Mika – Feel the Buzz

Umeå Institute of Design 2014 – 10 Week Project


Sport fans play a vital role when it comes to sport events: They follow their teams' matches, they wear the team jerseys, paint their faces, hold up posters and scream their hearts out - the cheering crowd can have a great psychological impact on the athlete's performance. However, the spectators can hardly be close to their players, the connection between both parties during a game comes down to a one directional visual and auditive feedback. What if there was a more physical, tactile way of communication?




MIKA aims to close this gap between both athlete and spectator and bring them closer together instead. Therefore MIKA gives the athlete a tactile feedback through shoulder pads integrated in a jersey in order to, literally speaking, give the athlete a tap on the shoulder. This is triggered by a wristband worn by the spectators that tracks their cheering movements such as clapping or lifting the arms. The tap on the shoulder creates a very direct and intimate moment between spectators and athletes and might be rewarded with a great performance by the players.



Tactile feedback on athlete's shoulder


Cheering tracked by wristband triggers shoulder pads



An accelerometer inside the wristband tracks the spectator's movement, and when certain threshold among all spectators is reached, the shoulder pads start in- and deflating in order to give the athlete a gentle push. This is done by small sewn-in servos. The cut out pattern indicates the smart part of the jersey with the same pattern that can be found on the triggering wristband. 




The pulsating vibration organically feel like a rewarding and motivating tap on the shoulder. It is a subtle yet powerful gesture for the spectators to show their appreciation. The wristband can be collected at the entrance of the stadium or as a fan product of the particular team. Wearing this wristband, the spectator supports the entire team instead of a single athlete only, it activates all player's  jerseys. Tt strengthens the idea of collectively fighting for the win.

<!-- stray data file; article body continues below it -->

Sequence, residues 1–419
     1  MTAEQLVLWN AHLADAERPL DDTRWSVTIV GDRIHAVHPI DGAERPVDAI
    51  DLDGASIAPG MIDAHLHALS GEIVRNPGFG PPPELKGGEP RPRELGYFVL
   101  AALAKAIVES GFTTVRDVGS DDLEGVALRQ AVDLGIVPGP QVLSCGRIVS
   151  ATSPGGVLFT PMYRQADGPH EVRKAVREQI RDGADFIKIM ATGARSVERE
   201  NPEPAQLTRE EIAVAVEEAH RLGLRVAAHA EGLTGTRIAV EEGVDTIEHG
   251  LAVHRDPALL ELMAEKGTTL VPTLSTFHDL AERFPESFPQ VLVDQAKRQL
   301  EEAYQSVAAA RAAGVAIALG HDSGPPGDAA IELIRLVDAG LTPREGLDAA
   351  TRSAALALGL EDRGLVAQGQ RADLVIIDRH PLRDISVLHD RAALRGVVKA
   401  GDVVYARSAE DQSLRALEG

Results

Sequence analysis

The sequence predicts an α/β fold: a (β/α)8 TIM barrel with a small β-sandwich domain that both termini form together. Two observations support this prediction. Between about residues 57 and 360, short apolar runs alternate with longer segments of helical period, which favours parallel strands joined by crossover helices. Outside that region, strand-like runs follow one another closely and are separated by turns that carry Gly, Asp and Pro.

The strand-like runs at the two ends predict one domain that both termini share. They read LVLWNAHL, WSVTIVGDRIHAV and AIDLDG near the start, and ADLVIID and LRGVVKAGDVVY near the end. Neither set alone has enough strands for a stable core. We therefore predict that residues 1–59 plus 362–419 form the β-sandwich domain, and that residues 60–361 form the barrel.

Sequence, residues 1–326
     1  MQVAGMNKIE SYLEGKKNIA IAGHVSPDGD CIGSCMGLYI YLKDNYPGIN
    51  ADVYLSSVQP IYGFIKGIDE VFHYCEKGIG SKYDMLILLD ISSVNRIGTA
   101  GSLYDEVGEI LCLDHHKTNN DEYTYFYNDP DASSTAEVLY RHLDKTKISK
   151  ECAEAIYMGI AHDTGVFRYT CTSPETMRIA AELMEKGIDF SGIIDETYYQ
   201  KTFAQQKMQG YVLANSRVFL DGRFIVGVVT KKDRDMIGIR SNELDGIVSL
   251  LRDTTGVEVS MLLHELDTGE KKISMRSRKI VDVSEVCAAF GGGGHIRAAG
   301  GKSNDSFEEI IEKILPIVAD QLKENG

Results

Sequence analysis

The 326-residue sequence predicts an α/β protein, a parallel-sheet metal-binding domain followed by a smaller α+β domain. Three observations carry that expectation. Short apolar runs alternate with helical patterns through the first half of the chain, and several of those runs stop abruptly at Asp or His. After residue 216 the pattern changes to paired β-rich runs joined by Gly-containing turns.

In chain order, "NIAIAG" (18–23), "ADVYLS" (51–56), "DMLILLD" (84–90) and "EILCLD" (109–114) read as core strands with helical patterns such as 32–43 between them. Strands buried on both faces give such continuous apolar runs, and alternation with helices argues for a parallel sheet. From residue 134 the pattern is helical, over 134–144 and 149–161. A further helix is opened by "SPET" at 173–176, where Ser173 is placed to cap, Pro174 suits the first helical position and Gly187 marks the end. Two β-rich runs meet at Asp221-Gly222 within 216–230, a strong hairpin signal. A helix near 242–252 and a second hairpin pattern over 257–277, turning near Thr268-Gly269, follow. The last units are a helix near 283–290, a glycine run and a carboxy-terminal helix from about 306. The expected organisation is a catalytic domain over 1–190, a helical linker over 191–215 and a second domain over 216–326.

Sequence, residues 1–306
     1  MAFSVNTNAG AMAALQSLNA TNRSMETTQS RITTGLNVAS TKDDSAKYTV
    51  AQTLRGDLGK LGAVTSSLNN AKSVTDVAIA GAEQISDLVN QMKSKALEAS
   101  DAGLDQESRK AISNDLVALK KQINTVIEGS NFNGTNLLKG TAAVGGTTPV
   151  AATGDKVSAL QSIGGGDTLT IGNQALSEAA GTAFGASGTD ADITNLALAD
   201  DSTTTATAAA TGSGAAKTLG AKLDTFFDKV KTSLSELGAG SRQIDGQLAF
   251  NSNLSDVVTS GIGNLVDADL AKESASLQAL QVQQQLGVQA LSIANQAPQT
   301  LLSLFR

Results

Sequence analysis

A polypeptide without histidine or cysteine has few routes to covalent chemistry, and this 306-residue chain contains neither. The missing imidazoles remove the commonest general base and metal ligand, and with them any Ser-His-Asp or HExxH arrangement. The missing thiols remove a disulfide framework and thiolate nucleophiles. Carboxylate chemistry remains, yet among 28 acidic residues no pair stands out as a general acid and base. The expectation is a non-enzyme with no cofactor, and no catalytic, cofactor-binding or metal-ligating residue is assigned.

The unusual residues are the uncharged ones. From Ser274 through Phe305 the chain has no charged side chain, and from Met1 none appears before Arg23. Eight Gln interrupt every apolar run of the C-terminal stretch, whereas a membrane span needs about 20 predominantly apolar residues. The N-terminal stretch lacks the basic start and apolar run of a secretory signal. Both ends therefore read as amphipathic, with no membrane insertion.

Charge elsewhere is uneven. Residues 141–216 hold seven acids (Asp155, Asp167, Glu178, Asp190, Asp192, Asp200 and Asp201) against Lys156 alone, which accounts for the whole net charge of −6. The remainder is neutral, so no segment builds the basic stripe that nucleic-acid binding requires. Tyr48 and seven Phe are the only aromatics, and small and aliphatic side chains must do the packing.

To understand the sport and find focus areas to implement wearable technology in, I started playing floor ball, one of Sweden's most popular sports. I dived into the sport in regular group sessions, individual training lessons with floor ball players and interviews.



Floor ball is all about speed and precision - in order to defend the ball it needs to be permanently moved. This sport's essence is translated into an enabling tool using non-Newtonian fluid (corn starch and water) that is stiff as long it's moved quickly and becomes liquid and spills as soon as it it moved too slow.



How to control the ball


Floor ball translated with fluid

Control the stick to not spill





How could the spectator's experience at sports events be enhanced, how could it be even more thrilling, exciting, emotional? How can we involve more senses? This was explored with the Wizard of Oz method: haptic feedback by tapping on the test persons' back, an amplifying sound environment with two channels (l, r) made of cardboard or simulating an interactive court with drawing on a whiteboard that projected a match.



Enhance the excitement through tactile feedback

Sound environment





To explore the spectator's action further, I recorded fellow students, while I told them different situations to react to. Most of these scenarios included hand gestures. These insights led to the concept of a wristband to track people's cheering.



Gesture studies





To design the component for the athlete on the court, I asked two questions: Where should the tactile feedback be located on his body? And: What kind of haptic feedback? Therefore several phones were attached and randomly called on a floor ball player's body. The shoulder part turned out to be most convenient for the player, the vibration noticed well. 

Today's haptic feedback is mainly vibration, but could vibration recreate the feeling of a shoulder tap? I therefore compared simple vibration and gentle deflation.



Exploring areas on upper body for haptic feedback

Haptic feedback while playing


A in- and deflating pad vs. phone vibration





The process was driven by physicalising and experiencing ideas: by creating very sketchy yet effective prototypes the concept was both defined and validated. At all stages of the process, quick mock-ups or prototypes were tested and discussed with users to challenge the concept.

I was lucky to be able to finally introduce the concept with a working prototype to professional floor ball players of the first devision, who appreciated my work as charming and desirable for players to feel the spectator's vibe.


Watch the entire process below: